NEWS BLOG (WSAU) If you build a brand new school, you wouldn’t name the sports teams the Indians or Chiefs. That would be tone deaf considering how controversial race-based mascots have become. The real issue is what to do for districts that already have team names that, for some communities, date back decades and are a source of local pride.
Native Americans are not of one mind on the issue. The
Seminole tribe said it was honored to have
Governor Walker faces a decision about an Indian mascot bill that’s reached his desk.
Democrats rammed a bill through with then-Governor Doyle’s support that would have doomed all Indian mascots in the state. Under that law, only one person need complain to start an “investigation”. The Department of Public Instruction would hold a hearing – even though its leader Tony Evers was on-record saying he thought all Indian mascots were biased on their face. Out-of-district activists were prepared to go from one district to another to claim to be offended and to file challenges.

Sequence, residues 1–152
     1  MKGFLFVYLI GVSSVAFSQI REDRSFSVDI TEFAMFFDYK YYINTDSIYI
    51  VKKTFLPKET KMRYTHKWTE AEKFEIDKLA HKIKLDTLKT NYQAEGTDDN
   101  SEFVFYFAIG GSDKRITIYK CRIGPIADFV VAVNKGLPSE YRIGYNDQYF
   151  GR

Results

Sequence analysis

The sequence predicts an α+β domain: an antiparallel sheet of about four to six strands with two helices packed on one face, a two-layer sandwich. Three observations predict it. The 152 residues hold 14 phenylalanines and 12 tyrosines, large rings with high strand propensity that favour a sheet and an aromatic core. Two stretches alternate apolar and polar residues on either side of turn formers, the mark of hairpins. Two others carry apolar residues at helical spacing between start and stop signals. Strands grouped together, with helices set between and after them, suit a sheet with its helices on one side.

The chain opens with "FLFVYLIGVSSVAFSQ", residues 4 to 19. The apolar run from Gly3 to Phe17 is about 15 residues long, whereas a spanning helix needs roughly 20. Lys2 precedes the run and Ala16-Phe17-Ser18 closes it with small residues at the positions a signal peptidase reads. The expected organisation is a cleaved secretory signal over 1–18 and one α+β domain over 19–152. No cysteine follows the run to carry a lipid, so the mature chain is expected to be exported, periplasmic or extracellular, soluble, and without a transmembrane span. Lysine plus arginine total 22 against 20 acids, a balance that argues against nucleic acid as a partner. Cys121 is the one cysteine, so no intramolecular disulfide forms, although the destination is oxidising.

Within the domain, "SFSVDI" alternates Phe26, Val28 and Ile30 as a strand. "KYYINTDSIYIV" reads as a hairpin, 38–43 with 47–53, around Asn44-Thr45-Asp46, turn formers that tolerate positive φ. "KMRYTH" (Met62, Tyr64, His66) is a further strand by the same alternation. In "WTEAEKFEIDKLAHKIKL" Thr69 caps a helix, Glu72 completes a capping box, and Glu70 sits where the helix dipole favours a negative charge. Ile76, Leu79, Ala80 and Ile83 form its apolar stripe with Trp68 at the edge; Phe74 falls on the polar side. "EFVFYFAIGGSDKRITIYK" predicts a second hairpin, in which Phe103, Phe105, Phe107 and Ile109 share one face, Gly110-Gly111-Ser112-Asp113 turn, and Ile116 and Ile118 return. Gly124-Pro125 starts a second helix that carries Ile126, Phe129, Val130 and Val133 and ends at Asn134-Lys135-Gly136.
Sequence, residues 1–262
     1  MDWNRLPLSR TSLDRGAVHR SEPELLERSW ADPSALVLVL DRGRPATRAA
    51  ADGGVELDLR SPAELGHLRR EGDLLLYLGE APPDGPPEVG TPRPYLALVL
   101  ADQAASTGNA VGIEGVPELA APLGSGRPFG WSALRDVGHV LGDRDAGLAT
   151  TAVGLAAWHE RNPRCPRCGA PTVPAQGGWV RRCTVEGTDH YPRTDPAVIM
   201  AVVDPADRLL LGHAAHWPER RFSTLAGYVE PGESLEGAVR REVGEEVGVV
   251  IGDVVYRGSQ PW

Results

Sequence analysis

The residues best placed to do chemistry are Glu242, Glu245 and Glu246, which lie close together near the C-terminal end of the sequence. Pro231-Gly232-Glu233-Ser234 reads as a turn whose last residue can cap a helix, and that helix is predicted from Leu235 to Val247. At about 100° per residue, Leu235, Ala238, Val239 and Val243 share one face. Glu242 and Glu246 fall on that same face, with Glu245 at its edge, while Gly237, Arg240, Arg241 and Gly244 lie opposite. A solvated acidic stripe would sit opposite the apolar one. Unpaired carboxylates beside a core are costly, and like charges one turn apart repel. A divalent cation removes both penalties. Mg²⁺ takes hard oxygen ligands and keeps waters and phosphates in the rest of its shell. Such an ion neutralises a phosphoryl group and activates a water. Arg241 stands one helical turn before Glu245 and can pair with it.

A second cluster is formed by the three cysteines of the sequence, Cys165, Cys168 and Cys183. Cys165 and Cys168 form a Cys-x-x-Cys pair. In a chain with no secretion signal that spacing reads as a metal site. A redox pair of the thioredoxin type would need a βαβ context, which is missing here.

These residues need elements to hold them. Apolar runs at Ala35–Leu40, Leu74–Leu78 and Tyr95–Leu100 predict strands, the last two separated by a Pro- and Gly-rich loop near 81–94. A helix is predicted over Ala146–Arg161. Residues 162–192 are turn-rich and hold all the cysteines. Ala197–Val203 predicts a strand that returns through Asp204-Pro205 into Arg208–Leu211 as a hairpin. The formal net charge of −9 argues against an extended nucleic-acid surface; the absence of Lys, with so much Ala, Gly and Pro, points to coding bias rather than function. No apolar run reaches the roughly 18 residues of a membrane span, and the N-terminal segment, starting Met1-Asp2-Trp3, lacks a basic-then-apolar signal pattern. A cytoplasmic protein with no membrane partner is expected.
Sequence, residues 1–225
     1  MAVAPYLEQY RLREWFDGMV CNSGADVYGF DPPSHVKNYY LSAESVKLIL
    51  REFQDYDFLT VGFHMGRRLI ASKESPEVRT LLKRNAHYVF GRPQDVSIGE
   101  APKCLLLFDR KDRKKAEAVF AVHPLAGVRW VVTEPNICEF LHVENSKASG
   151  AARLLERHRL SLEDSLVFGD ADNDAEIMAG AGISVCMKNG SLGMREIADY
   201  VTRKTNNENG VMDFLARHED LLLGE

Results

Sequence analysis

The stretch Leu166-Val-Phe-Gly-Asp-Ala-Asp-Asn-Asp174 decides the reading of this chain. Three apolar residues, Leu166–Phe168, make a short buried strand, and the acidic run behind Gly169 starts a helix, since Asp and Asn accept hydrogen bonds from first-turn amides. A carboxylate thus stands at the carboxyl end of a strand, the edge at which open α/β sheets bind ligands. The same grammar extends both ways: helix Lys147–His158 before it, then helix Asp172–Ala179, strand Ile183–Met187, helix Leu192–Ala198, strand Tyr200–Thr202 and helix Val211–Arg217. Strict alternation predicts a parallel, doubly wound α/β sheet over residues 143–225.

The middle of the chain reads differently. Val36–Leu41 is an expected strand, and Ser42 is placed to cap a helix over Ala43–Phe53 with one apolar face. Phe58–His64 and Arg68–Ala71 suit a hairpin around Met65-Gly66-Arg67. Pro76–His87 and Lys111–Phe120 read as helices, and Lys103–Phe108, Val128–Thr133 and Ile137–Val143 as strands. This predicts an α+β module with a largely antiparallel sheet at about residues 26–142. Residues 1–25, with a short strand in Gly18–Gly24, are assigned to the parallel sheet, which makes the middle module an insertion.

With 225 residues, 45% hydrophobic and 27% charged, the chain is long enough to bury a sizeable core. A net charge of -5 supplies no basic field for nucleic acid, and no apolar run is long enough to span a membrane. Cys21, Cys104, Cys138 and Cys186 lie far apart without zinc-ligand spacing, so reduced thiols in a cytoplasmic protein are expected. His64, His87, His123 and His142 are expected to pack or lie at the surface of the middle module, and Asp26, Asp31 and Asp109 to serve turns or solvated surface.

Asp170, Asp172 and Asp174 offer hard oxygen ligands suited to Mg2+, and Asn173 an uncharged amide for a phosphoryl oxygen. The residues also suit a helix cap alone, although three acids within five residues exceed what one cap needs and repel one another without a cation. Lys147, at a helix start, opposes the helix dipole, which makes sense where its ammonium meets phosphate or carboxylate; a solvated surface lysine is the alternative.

This was an over-reach and a political mistake. If democrats had passed something reasonable – perhaps a petition drive would spark a community vote on whether an Indian mascot stays or goes – the issue might have been left alone. But now Republicans are trying to undo an excess. Governor Walker could sign the bill and say he’s merely trying to restore balance and fairness. Or he could do nothing and allow the bill to become law without his signature on Thursday. That’s what I predict he’ll do.
Image: By http://gallery.mac.com/marchingchiefs (http://gallery.mac.com/marchingchiefs) [Public domain], via Wikimedia Commons